5. The Electromagnetic Railgun
The US Navy is about to add the Electromagnetic Railgun to its arsenal, which can launch projectiles
towards targets on the mainland some 100 miles away. The difference between it and a regular
cannon is that this gun doesn’t use any explosives to fire its payload. By harnessing
a combination of electric and magnetic forces, the railgun can expel a round of ammunition
with speeds exceeding Mach 6. That’s around 4500 mph! The round doesn’t have any explosives,
because the force of the impact alone is enough to do the job. That means the price drops
significantly — around $25,000 a pop compared to $500,000.
Like the mythological creature of ancient times, Hydra will be able to strike an enemy
from several hidden locations at once. Waterproof containers that can hold several air and waterborne
drones will be placed on the seabed, and they’ll be capable of waiting for further instructions
for months at a time. This will allow for a highly coordinated operation, and they can
also be called upon in case of unforeseen circumstances like piracy or surprise attacks.
Hydra is intended to be deployed in international waters, and predictions say that by 2018 Hydra
will be operational all around the planet.
The X-47B unmanned combat drone is an $813 million milestone in UAV development. Back
in 2013 and 2014 a series of tests demonstrated that this was the first drone that could take
off from and land on a carrier vessel. A simple miscalculation could have spelled disaster,
resulting in the X-47B crashing onto the landing pad, into another jet, or a crew-member.
The first series of tests were done on a cleared deck, but in August 2014 the X-47B, accompanied
by a F-18 jet, made a series of take offs and landings where all other jets were in
their proper place, simulating normal conditions. The aim was to see if UAVs can accompany the
Navy without disturbing the normal rhythm on-board the vessel. So far these tests have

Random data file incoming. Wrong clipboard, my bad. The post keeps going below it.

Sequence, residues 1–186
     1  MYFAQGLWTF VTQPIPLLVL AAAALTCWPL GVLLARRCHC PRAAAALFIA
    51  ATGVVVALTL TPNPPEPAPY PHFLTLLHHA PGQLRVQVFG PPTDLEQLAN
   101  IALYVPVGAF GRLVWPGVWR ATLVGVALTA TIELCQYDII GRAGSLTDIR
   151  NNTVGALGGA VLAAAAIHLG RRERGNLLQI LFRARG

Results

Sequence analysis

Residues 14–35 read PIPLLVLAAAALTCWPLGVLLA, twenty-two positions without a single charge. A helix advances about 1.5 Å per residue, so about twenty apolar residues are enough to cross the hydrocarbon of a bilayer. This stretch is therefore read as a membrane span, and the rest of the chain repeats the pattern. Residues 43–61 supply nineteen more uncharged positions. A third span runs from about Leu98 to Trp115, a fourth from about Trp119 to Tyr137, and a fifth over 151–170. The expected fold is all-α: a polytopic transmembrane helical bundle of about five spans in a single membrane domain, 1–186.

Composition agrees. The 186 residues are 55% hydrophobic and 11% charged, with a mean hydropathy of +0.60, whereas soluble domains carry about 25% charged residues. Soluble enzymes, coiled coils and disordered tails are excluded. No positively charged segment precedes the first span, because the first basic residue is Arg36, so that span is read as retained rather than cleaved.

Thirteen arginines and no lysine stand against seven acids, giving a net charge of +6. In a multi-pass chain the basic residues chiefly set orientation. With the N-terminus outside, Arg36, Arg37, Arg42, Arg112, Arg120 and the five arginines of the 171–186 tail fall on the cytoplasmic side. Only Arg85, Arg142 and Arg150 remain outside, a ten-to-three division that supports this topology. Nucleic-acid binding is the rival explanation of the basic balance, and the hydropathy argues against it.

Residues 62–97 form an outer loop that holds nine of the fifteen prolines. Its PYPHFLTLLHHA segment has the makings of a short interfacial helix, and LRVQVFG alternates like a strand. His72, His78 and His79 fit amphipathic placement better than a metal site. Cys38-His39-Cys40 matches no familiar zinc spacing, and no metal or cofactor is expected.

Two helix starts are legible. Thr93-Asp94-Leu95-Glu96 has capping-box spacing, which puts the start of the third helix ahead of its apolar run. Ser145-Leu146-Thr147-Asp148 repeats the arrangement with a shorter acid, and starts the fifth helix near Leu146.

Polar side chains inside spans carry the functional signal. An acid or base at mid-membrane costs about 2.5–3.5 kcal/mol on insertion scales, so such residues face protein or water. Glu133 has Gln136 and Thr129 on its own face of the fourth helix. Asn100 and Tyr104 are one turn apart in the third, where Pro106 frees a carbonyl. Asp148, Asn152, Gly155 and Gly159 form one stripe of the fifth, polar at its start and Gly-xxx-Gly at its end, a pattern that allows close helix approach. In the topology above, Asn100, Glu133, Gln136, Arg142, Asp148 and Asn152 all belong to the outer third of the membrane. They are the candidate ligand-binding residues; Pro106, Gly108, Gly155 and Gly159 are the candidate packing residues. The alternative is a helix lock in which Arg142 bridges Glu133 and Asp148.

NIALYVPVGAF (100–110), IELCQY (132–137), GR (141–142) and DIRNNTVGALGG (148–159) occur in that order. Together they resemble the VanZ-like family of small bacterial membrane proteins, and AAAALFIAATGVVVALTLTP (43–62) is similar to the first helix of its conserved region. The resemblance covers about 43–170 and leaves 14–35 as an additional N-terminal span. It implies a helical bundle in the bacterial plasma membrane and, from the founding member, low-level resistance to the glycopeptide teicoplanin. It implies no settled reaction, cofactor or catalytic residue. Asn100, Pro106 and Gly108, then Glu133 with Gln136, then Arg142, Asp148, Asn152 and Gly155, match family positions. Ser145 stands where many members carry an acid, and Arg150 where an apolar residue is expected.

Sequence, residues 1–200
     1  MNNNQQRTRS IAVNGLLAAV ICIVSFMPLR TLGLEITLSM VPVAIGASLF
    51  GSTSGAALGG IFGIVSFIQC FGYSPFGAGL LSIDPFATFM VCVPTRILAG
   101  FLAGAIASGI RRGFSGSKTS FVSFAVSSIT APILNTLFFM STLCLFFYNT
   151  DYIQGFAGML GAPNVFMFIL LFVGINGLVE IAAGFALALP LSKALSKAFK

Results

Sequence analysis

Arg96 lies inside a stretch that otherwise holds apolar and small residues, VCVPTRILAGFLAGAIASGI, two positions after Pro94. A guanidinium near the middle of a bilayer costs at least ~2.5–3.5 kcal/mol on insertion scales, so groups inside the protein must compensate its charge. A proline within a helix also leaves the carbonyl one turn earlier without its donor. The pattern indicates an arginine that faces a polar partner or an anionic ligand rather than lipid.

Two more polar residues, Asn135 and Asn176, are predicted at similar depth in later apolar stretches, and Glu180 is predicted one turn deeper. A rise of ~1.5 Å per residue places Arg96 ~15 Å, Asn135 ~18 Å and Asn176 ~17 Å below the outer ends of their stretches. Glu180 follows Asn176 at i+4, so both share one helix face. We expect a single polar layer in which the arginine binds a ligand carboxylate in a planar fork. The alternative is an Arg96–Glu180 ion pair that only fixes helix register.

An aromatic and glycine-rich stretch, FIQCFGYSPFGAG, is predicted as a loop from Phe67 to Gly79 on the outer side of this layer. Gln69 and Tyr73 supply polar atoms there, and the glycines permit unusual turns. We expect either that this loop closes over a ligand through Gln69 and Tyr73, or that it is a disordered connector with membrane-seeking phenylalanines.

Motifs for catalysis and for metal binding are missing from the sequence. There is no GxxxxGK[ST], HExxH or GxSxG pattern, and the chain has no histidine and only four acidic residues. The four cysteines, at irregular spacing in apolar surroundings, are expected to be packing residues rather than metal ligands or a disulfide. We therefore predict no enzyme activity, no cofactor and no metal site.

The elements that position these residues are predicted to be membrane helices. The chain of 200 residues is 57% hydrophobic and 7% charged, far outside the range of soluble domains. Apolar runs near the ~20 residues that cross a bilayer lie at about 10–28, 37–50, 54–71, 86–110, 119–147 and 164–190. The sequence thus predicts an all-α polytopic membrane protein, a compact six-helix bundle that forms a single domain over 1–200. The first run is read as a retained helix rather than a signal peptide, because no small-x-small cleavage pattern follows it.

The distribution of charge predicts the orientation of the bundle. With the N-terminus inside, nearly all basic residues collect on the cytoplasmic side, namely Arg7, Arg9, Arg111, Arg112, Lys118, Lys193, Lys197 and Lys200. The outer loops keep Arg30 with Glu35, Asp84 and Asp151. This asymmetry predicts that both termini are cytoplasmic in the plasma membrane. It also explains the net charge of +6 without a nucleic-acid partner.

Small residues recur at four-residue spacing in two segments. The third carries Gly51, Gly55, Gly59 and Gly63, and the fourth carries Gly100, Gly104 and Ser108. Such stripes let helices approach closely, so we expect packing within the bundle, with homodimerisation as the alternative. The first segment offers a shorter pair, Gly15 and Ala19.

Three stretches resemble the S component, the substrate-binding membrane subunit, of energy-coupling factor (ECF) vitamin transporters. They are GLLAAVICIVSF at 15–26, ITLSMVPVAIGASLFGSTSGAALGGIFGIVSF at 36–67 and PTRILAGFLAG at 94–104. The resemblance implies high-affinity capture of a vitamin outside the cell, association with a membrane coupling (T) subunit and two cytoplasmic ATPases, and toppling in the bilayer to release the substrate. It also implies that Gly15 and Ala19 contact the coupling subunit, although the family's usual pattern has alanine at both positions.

proven to be a success, and the next phase will be to test the drone’s refueling capabilities
The drone itself is capable of flying at over 40,000 feet for a distance of 2100 nautical
miles on a single tank of gas and at speeds close to the sound barrier. It can also carry
up to 4500 pounds in its weapons bay, and its wings can fold upwards so it can fit into
a tightly packed carrier hangar.
2. GXV-T Tank
Tanks, even modern ones, aren’t exactly known for their agility. All in all, they’re
still armored metal boxes on tracks which fire a big cannon. DARPA is planning to change
that with the GXV-T Tank. The aim is to make a tank faster and smarter rather than bulky
and heavily armored. Normal armor can’t withstand more than a few shots anyways, so
it’s no use trying to add more of it — especially if it slows the tank even further.
DARPA’s goal is for their new vehicle to avoid detection as much as possible and dodge
incoming missiles by ducking or raising the entire tank through an advanced suspension
system. Another option will be to have access to a sudden burst of acceleration to take
the vehicle out of harm’s way. If all else fails, the GXV-T will also be equipped with
a series of armored plates that can rapidly change position on the tank and take the blow.
All of this will be done autonomously by the vehicle itself.
This type of tank will be far better suited for a larger variety of environments and scenarios.
Being smaller than a standard tank, the GXV-T can sprint through city streets or heavily
wooded areas, all the while avoiding detection from infrared, electromagnetic and acoustic
1. Counter-Electronics High Power Microwave Advanced Missile Project
Boeing, in collaboration with the US Air Force Research Laboratory, have designed and successfully
tested their CHAMP project. We don’t know much about how it’s deployed or what the
missile looks like, but we do know that the device is capable of taking out any electronics
it sets its sights on. It can disable several targets at once, and does no other damage
beyond leaving you in the dark.
This will come in especially handy against passive radar technology that can, to some
degree, detect stealth aircraft. CHAMP program manager Keith Coleman said, “This technology
marks a new era in modern-day warfare” and that “In the near future this technology
may be used to render an enemy’s electronic and data systems useless even before the first
troops or aircraft arrive.”